The seven-time ATP Tour titlist has won three ATP 500 titles since the ATP Tour’s August restart and reached back-to-back Grand Slam quarter-finals at the US Open and Roland Garros. All those experiences have left Rublev feeling a sense of gratitude. The 23-year-old took a moment to pay tribute to his support network ahead of his first match at the elite eight-man event.

“I am really grateful for everything that I am [experiencing], for everything that I have been through,” said Rublev. “I am really grateful for the team that I have [and] for the friends that are around me because they support me a lot. We have the same vision [and] they give me a lot of energy so, in the end, I am where I am today because of them.

“I have been working really hard. With all the support around me, it gives me double [the] energy and double [the] motivation. I am not alone and when you are not alone, it is much easier and you are much stronger.”

After winning his fourth ATP Tour title of the season at the St. Petersburg Open, Rublev voiced his opinion on whom he believed to be the best athlete in history. His answer was Rafael Nadal.

When the draw for the tournament was made on Thursday, Rublev was placed in Group London 2020 alongside the 20-time Grand Slam champion. The Russian is looking forward to testing his game against Nadal on Sunday evening, when the pair will meet for the second time in their ATP Head2Head series. Nadal won their only previous encounter in the 2017 US Open quarter-finals./p>

“I am looking forward [to the match]. He is one of the best players in the history of tennis, so I have nothing to lose. I’ll go there to enjoy. All the pressure will be on him and in the end, we will see what is going to happen. I will try to do my best and we will see.”

Rublev will also meet US Open champion Dominic Thiem and reigning Nitto ATP Finals titlist Stefanos Tsitsipas in round robin action. The seventh seed owns 2-2 ATP Head2Head records against both of last year’s finalists.

“All of the matches are really tough. It is the best players in the world of tennis competing against each other. Every match is so tough, so interesting,” said Rublev. “I played with Dominic a couple of times [and] I played with Stefanos a couple of times. I won some matches against them [and] I lost some matches against them, so it is going to be fun, it is going to be really interesting.”

Two of the past three editions of the event have been won by tournament debutants (Dimitrov, Tsitsipas). With form on his side, Rublev will be hoping he can continue that trend at The O2. The first edition of the event to be held in London in 2009 was won by a Russian (Davydenko), so why not the last?

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Stars Gearing Up For Nitto ATP Finals

  • Posted: Nov 13, 2020

When the Nitto ATP Finals competitors pose for the official group portrait at The O2 in London, you know the action is near.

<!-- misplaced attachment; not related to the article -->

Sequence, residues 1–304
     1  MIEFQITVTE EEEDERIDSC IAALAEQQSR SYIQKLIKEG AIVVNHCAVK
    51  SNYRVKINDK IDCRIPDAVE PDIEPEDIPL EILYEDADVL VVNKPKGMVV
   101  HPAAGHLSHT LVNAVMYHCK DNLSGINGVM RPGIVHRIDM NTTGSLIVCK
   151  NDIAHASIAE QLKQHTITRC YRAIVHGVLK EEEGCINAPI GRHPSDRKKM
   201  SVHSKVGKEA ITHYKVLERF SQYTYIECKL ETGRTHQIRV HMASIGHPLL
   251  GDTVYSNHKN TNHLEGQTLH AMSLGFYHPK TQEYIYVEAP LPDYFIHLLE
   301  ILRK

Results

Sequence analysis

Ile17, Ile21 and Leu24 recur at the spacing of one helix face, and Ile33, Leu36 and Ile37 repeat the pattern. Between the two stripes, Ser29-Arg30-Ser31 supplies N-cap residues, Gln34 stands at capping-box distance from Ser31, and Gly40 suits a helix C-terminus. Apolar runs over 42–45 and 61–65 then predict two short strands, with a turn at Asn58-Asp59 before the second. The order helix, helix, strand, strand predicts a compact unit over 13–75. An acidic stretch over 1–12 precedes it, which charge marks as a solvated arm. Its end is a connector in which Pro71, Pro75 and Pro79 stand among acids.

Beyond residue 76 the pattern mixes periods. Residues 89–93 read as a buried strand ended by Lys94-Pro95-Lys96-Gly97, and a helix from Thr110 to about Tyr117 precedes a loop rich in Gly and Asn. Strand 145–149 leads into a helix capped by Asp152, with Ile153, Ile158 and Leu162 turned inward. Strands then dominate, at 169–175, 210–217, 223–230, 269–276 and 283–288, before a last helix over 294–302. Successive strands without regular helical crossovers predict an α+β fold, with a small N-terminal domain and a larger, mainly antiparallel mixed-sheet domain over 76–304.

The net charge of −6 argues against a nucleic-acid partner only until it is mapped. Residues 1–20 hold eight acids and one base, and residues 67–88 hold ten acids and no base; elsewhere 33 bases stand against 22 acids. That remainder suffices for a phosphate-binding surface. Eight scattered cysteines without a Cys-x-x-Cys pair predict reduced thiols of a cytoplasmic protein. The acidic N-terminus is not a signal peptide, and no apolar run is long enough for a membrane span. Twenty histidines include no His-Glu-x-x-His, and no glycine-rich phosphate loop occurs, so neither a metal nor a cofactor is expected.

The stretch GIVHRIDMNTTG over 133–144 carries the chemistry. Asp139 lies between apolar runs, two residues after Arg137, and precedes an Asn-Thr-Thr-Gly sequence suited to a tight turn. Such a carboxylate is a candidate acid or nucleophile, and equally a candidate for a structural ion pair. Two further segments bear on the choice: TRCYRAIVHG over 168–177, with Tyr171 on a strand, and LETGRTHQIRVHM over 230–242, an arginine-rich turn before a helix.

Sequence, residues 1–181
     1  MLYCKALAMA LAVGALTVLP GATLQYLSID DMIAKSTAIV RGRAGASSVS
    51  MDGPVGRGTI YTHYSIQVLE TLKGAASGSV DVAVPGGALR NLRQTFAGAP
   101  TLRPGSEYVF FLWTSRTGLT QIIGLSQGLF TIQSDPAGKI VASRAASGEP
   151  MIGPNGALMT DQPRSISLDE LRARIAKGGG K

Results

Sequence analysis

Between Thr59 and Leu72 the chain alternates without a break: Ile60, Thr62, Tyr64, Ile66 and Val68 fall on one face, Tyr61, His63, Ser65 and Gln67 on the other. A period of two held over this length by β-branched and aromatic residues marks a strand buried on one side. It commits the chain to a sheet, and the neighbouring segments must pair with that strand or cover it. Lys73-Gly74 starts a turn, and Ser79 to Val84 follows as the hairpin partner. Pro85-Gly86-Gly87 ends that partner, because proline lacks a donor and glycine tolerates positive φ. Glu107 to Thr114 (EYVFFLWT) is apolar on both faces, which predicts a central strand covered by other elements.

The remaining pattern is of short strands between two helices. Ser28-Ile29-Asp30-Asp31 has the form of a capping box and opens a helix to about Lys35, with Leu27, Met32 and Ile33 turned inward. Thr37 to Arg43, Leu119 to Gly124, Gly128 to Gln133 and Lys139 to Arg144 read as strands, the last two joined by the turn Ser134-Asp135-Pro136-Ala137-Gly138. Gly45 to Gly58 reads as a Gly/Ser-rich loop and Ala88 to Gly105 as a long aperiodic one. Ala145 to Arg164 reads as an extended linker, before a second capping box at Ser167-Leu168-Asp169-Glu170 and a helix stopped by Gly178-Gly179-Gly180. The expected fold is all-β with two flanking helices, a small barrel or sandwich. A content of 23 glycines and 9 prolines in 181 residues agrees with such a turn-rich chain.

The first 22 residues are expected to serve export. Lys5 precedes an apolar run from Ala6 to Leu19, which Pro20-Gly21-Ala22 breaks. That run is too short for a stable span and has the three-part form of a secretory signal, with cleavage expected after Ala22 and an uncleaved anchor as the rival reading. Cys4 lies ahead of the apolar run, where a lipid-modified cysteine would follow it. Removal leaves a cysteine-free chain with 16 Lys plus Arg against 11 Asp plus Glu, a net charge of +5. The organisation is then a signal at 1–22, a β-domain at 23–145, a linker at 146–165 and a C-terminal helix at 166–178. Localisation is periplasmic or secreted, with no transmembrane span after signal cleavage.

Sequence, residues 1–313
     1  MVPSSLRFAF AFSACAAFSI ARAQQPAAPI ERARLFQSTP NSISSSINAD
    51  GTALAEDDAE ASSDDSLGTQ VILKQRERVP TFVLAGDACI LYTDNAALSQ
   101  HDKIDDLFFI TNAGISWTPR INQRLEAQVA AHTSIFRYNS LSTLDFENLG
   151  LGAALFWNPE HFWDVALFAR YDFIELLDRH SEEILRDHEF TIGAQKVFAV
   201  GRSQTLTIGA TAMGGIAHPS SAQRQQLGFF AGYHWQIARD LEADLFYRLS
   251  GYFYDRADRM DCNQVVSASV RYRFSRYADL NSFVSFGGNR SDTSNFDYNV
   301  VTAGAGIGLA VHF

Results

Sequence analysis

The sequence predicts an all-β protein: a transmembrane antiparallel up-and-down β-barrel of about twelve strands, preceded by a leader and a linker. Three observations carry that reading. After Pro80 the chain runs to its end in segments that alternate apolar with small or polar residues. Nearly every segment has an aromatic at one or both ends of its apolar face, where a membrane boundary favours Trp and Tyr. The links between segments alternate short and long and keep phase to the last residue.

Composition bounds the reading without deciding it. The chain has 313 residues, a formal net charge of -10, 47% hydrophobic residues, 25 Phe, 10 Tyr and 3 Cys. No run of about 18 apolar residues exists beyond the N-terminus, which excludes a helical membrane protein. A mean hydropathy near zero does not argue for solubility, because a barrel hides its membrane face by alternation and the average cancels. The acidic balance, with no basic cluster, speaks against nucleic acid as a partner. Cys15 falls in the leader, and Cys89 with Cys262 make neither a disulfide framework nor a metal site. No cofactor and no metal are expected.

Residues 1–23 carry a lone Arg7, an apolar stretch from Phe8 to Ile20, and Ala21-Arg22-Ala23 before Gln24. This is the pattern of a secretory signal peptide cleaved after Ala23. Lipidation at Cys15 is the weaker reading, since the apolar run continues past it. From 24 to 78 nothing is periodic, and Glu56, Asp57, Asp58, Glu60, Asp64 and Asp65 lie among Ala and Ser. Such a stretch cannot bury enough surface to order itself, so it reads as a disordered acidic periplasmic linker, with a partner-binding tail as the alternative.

The eight singles players competing in the season finale gathered on Friday for their group shot, while also taking a special tribute photo to thank the National Health Service and all key workers.

Nitto ATP Finals Portrait
Photo Credit: Wonderhatch/ATP Tour
The singles players were split into two groups on Thursday. World No. 1 Novak Djokovic leads Group Tokyo 1970, which also includes Daniil Medvedev, Alexander Zverev and Diego Schwartzman. World No. 2 Rafael Nadal tops Group London 2020 alongside Dominic Thiem, Stefanos Tsitsipas and Andrey Rublev. 

The players participated in Media Day Friday, speaking to reporters and broadcasters before the season finale. Here is what some of the players said…

Rafael Nadal
“The atmosphere in this amazing stadium, the organisation has been great, the event has been very popular around the world. I think the ATP did a great job choosing The O2, choosing London and creating a fantastic event for so many years.”

Dominic Thiem
“The guy who has the better day is going to win and the guy who has the most good days is going to end up winning the tournament. The only thing I’m going to try to do is to be there 100 per cent and to be there completely ready on Sunday afternoon [for my first match].”


Daniil Medvedev On Winning The Rolex Paris Masters
“It was a great level of tennis, so I have confidence in myself, and I think it will help me here in London. Before, I won only one match in three or four years in Bercy, but this year I won the tournament, so I’m looking confident for this year in London.

Alexander Zverev On Facing Novak Djokovic
“Novak is a great player no matter where you play him. He’s tough to beat,” Zverev said. “I played him twice here in the same year. Obviously I won once, I lost once. He’s going to be difficult. I think he’s the favourite in our group and everybody’s going to look forward to playing him. You have to play your best to have a chance against him.”

Read Media Day Features
What Nadal Hopes To Change In London
Thiem: ‘Maybe I’m Even More Comfortable On A Hard Court’
Medvedev Finds His Mojo: ‘I’m In My Best Shape’
Zverev: ‘Everybody’s Looking Forward To Playing Novak’

The tournament’s 12th and final edition in London will take place from 15-22 November.

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Group Envy: Diego Braces For Tough Debut

  • Posted: Nov 13, 2020

When Nitto ATP Finals debutant Diego Schwartzman was recently asked to name the players he would want in his ideal London group, the Argentine was just wishing for anyone who didn’t like an indoor hard-court.

That didn’t quite play out according to plan.

“When I saw the draw being made, my friends started poking fun at me,” Schwartzman said with a wry smile at his pre-tournament press conference. “And the media did as well, because I had wished for the other group and ended up in this one.”